Gravity Geiger Counter Module Ionizing Radiation Detector

DFRobotSKU: RB-Dfr-1206
Manufacturer #: SEN0463

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Sale price $60.00

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Only 2 units left

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Description

  • Gravity Geiger Counter Module Ionizing Radiation Detector
  • Offers large-scale and highly sensitive Geiger tube
  • Detect ionizing radiation
  • Provides a good random number generator
  • Easy to install layout
  • Power Supply: 3.3 ~ 5 V

The Gravity Geiger Counter Module Ionizing Radiation Detector detects ionizing radiation, such as nuclear radiation, X-rays, cosmic rays, etc. Electromagnetic radiation such as microwave oven radiation, mobile phone radiation, WiFi radiation, and induction cooker radiation can not be detected.

In addition, the Geiger counter is a good random number generator, and undetermined high-energy particle ionization events can provide enough random entropy to get you a truly random number, rather than a fixed random sequence based on a random algorithm.

  • 1x Gravity: Geiger Counter Module (Geiger Tube Included)
  • 1x Gravity 3 - Pin Sensor Connector

Size

  • Geiger Counter outline size: 107 x 42 mm / 4.21 x 1.65 inch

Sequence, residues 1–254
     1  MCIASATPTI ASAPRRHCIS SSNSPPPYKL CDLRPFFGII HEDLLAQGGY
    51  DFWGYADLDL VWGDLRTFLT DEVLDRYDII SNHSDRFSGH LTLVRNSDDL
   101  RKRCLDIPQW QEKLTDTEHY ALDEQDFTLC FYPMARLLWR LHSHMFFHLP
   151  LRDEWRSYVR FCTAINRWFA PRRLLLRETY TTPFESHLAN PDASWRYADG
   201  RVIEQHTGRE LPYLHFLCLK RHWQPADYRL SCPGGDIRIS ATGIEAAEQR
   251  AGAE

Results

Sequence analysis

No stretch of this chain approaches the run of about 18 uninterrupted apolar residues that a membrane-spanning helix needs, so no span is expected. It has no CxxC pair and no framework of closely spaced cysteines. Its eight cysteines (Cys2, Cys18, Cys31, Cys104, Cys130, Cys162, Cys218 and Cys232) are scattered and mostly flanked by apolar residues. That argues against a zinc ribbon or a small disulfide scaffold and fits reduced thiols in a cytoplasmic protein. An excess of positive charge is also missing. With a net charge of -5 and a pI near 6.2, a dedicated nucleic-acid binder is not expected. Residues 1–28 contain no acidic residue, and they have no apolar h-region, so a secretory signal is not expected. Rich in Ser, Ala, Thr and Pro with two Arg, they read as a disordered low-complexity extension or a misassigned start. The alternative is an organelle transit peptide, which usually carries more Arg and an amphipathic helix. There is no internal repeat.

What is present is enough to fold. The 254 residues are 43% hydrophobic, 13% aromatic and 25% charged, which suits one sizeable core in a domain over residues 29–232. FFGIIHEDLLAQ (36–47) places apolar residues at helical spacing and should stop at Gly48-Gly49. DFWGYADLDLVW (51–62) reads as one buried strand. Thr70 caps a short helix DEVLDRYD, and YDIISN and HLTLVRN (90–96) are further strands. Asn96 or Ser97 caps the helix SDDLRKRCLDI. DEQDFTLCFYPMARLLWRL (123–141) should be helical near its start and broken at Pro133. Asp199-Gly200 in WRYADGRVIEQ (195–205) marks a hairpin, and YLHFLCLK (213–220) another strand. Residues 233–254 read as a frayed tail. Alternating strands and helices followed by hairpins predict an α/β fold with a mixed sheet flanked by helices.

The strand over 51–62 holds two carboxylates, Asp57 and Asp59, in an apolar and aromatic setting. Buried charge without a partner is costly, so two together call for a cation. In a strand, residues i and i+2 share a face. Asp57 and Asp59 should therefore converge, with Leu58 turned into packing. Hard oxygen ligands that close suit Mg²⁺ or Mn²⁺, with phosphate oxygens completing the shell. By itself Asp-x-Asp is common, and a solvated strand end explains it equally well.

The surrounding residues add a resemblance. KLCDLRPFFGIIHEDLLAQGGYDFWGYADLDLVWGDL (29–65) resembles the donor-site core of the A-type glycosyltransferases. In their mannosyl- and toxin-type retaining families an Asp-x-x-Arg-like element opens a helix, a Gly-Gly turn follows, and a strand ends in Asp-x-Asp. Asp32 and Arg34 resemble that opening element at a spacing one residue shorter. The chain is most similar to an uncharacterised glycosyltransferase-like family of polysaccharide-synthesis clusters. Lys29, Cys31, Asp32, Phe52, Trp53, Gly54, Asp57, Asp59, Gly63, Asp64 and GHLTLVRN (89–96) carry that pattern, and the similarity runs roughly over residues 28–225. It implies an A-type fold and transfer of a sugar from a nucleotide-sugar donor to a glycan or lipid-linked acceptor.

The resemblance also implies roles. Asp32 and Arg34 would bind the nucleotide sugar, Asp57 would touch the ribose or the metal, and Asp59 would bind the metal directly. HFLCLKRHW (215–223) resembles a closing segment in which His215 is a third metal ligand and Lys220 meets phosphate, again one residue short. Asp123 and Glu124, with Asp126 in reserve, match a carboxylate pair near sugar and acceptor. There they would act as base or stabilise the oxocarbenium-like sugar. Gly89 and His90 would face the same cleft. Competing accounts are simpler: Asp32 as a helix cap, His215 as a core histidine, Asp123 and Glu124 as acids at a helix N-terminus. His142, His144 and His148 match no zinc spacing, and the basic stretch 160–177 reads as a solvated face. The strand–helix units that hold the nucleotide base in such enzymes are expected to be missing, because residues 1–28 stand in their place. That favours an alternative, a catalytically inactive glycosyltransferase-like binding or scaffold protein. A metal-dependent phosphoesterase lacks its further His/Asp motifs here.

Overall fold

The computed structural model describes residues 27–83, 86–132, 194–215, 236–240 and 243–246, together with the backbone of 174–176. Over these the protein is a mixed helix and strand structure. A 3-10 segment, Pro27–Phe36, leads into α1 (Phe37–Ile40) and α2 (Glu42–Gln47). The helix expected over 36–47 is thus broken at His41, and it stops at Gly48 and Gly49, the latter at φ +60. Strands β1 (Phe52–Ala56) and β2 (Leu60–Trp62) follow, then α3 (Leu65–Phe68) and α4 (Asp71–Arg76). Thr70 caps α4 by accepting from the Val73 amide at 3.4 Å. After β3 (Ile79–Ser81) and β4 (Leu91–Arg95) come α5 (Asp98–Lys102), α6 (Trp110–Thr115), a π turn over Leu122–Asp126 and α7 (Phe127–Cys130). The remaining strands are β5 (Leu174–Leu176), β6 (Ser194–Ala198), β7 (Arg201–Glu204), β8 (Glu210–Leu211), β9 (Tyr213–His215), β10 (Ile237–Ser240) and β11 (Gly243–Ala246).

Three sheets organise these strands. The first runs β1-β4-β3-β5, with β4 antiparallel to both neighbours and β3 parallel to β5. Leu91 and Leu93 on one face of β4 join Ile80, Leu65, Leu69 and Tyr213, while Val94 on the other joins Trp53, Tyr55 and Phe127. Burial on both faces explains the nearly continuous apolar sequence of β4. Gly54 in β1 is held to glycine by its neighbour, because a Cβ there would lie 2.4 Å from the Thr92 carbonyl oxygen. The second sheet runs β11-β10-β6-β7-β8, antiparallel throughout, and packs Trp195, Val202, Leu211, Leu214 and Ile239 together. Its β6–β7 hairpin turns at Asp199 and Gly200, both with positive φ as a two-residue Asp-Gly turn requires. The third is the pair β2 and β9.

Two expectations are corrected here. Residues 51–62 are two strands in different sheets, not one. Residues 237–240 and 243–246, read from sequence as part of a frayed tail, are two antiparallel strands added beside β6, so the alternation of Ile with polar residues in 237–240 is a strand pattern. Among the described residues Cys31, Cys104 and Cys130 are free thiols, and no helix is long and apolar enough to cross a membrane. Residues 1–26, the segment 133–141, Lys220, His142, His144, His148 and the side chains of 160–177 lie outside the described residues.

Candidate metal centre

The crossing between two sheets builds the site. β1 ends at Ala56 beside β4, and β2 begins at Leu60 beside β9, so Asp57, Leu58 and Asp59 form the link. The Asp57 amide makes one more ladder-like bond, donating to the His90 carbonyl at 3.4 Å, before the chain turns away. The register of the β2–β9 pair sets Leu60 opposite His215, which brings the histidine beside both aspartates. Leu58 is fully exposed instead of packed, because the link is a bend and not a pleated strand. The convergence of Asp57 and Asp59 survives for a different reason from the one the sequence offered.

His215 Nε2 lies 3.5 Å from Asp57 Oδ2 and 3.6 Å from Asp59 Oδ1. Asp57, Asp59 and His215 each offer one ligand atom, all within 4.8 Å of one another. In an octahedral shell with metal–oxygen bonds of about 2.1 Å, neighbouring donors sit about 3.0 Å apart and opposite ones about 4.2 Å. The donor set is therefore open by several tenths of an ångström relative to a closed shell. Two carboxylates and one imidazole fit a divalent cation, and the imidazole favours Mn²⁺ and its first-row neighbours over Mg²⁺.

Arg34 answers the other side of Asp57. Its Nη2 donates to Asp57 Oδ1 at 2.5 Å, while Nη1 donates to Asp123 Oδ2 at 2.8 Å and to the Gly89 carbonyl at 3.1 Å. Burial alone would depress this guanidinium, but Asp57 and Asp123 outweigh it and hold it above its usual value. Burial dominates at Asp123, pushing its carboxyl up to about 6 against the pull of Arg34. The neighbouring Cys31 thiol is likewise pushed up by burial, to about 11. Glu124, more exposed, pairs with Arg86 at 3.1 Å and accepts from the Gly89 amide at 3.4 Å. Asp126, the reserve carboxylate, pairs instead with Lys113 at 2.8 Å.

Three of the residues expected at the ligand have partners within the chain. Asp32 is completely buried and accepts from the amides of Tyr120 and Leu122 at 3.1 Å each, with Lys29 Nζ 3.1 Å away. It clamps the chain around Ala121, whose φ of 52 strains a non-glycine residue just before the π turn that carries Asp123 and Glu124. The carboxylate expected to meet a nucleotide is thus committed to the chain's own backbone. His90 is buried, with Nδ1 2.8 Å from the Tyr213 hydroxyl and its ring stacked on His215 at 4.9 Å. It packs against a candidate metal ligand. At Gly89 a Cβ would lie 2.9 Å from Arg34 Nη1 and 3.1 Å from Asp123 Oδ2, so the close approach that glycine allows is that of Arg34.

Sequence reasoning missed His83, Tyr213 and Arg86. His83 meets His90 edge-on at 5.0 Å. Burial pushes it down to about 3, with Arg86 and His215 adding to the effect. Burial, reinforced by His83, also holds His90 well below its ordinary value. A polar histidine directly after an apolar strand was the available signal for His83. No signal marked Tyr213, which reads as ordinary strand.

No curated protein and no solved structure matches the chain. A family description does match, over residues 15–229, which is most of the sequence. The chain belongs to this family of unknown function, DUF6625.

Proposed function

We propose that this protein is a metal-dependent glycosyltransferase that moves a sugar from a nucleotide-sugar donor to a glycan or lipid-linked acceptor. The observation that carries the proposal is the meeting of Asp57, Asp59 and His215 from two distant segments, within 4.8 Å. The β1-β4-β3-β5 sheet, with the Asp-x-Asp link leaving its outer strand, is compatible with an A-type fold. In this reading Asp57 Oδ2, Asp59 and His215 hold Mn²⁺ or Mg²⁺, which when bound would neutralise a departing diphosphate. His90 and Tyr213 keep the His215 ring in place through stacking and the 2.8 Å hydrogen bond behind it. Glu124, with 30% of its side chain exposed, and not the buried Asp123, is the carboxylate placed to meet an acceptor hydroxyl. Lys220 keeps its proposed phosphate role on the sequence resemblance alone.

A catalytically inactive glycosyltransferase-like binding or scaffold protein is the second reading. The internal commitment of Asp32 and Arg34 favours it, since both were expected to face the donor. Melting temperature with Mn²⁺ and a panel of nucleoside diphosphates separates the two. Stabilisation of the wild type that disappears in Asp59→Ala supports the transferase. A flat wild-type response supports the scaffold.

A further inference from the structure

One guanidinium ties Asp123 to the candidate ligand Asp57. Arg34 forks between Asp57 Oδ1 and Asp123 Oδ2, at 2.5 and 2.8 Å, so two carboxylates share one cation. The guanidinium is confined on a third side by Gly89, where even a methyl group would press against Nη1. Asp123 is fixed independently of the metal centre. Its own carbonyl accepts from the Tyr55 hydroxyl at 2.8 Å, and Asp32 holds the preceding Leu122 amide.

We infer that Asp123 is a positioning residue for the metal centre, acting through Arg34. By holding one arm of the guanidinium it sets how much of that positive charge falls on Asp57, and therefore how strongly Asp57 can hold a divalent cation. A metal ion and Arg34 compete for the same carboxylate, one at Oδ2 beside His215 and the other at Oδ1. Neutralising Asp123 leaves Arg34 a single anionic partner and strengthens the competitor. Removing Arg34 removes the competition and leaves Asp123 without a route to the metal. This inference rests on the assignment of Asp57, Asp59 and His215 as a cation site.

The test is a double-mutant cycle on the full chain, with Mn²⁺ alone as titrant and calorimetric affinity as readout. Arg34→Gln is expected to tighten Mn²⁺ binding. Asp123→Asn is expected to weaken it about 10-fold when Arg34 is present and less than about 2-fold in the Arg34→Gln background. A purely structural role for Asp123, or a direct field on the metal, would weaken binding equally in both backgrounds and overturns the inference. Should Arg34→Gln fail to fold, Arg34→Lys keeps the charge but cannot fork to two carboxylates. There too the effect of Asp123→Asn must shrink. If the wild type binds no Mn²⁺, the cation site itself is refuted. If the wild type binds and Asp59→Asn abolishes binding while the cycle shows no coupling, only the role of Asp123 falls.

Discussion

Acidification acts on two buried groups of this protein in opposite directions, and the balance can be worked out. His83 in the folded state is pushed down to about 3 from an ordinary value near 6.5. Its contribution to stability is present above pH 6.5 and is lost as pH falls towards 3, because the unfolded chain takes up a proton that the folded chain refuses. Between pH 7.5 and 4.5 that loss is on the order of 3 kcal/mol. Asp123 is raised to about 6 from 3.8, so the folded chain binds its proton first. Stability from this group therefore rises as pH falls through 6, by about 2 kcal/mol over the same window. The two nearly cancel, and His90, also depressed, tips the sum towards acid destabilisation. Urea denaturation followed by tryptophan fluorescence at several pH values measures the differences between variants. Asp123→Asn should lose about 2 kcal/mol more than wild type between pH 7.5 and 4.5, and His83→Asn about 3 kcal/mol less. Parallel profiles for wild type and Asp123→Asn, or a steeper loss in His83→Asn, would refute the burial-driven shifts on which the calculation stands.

• M4011 Geiger Tube outline size: Φ10 x 88 mm

Geiger Counter

  • Power Supply: 3.3 ~ 5 V
  • Signal Output: digital output, pull down when pulse detected
  • Driving Voltage: ≈400 V
  • Maximum Range: 1200 μSv/h (theoretically)

M4011 Geiger Tube

  • Operating Voltage: 380 ~ 450 V
  • Background Counts: ≈25 CPM
  • CPM Ratio: 153.8 CPM/(μSv/h)

Customer Reviews

Based on 2 reviews
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j
joe
yay

works great! nuff said.

w
wsanders
Tube Deteriorated Quickly

I've been running one of these for about three months and the device is starting to have problems. First, about a month ago, the tube became very photosensitive. This was unexpected, since the tube was not photosensitive when it arrived. However, the M4011 is known to be photosensitive, on a tube by tube basis; some are, some aren't.

After rebuilding my enclosure to place the tube in darkness, it worked OK for a few more weeks, but now it is failing to quench properly, resulting in bursts of 2 to 10 pulses within 2 to 5 milliseconds. My guess is this is not unusual for these cheapo tubes. A reminder that this is a toy, not a real instrument. Although it can be used to demonstrate *approximate* background radiation levels, and the inverse square law with a weak radiation source.

To work around this I modified my code to ignore pulses less than 10 ms after the preceding one. This seems to provide reasonable counts again, although the background level is about 25 CPM instead of the 20 it was when the tube was new.

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